An article by Randy Kennedy in The New York Times describes how budget cuts in Greece are harming archaeological excavations, publications, and preservation. The article begins with efforts that Greek archaeologists are making to alert the world to the dangers to the nation’s heritage.
A jarring public-awareness ad that has appeared recently on Greek television news shows a little girl strolling with her mother through the National Archaeological Museum in Athens, one of the country’s cultural crown jewels. The girl skips off by herself, and as she stands alone before a 2,500-year-old marble statue, a hand suddenly sweeps in from behind, covering her mouth and yanking her away.
An instant later, she reappears, apparently unharmed but staring forlornly at an empty plinth: The kidnappers weren’t after the girl — they were after the statue.
Staff cuts of nearly 20% have left sites vulnerable to developers and the weather.
In a dry riverbed one late April morning on the island of Kythira, Aris Tsaravopoulos, a former government archaeologist who was pushed out of his job in November, pointed out a site where a section of riverbank had collapsed during a rainstorm a few months earlier. Scattered all along the bed as it stretched toward the Mediterranean were hundreds of pieces of Minoan pottery, most likely dating to the second millennium B.C., some of them painted with floral patterns that were still a vivid red….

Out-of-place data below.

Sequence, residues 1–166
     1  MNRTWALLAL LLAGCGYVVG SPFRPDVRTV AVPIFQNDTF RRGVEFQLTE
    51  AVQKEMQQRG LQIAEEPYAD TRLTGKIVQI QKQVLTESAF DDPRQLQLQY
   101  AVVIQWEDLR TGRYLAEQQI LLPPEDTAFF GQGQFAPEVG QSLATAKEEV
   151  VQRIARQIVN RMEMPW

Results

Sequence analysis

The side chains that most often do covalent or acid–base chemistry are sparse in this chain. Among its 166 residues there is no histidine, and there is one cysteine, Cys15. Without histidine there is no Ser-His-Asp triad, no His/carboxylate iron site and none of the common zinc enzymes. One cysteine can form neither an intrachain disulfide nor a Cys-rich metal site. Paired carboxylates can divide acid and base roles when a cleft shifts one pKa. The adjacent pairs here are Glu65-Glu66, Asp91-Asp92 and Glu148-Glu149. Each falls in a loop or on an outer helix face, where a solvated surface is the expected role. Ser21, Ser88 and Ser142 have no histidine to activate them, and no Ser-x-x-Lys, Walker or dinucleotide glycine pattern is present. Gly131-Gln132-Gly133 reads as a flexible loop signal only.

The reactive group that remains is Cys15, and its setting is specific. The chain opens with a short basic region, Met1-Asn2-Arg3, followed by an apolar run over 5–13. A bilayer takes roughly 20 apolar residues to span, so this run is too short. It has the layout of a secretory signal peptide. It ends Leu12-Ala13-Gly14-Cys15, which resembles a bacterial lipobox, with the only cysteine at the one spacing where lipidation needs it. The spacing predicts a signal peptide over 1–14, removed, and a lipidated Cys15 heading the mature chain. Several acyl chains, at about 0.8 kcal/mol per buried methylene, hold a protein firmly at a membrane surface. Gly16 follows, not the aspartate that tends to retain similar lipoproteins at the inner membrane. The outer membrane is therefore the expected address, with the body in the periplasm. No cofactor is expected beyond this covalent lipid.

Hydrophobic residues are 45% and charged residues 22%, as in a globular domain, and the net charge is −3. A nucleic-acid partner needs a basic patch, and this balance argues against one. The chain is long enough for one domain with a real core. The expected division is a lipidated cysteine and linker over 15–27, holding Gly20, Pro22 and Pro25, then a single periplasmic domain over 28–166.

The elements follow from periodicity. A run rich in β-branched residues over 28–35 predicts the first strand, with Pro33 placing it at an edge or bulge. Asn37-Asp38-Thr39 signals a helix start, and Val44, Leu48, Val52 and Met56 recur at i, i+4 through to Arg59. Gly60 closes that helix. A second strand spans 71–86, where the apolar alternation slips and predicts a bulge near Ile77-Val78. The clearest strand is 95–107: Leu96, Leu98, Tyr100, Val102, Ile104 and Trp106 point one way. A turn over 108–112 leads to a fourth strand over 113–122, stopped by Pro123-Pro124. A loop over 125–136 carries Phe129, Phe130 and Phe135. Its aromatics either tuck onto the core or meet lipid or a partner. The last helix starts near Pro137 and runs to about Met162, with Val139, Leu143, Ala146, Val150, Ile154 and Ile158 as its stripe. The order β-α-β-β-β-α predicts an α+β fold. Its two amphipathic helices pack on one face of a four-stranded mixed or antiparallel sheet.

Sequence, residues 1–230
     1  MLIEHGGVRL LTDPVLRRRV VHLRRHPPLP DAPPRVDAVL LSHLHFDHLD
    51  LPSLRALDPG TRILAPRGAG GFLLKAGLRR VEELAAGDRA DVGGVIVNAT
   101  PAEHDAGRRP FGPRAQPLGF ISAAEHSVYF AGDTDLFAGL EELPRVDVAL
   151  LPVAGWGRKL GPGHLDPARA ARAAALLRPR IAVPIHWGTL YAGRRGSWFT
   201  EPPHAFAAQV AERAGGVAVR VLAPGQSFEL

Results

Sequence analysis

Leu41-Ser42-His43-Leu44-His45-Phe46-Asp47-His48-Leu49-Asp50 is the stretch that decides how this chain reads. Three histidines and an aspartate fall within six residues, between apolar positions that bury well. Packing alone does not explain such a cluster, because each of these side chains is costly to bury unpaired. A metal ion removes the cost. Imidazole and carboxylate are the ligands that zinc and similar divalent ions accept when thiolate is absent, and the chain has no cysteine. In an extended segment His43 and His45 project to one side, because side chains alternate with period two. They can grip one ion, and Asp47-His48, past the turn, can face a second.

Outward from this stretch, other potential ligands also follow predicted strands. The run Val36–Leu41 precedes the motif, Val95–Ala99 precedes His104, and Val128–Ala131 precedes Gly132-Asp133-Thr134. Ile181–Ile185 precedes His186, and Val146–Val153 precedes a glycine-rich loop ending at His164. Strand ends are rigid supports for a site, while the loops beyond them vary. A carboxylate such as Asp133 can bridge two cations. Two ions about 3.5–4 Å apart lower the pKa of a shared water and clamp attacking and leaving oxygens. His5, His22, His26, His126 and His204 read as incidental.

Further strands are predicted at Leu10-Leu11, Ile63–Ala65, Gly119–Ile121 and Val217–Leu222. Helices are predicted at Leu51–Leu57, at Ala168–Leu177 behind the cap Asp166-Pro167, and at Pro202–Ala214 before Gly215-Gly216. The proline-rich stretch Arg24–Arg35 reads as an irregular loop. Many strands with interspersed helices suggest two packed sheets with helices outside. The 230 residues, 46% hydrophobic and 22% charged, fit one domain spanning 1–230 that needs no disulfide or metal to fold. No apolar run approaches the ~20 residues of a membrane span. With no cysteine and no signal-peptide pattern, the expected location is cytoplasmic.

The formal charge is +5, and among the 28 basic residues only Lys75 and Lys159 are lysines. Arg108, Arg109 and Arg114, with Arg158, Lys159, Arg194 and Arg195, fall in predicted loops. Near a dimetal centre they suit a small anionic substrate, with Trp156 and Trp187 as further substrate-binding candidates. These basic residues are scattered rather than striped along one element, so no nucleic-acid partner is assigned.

In years past Mr. Tsaravopoulos would have organized an emergency dig at such a site. Now, he said, he can no longer do anything but alert already overburdened colleagues in the state archaeological service, with little hope any rescue work will be done in time.
The article also describes the special position in society that archaeologists have long held in Greece.
Despite its relatively low pay, the profession of archaeology has long been held in high esteem in Greece; it is a job that children aspire to, like becoming a doctor. And in a country where the public sector has been plagued for decades with corruption, archaeologists have retained a reputation as generally honorable and hard-working.
“They used to say that we were a special race,” said Alexandra Christopoulou, the deputy director of the National Archaeological Museum. “We worked overtime without getting paid for it — a rarity in Greece — because we really loved what we did.”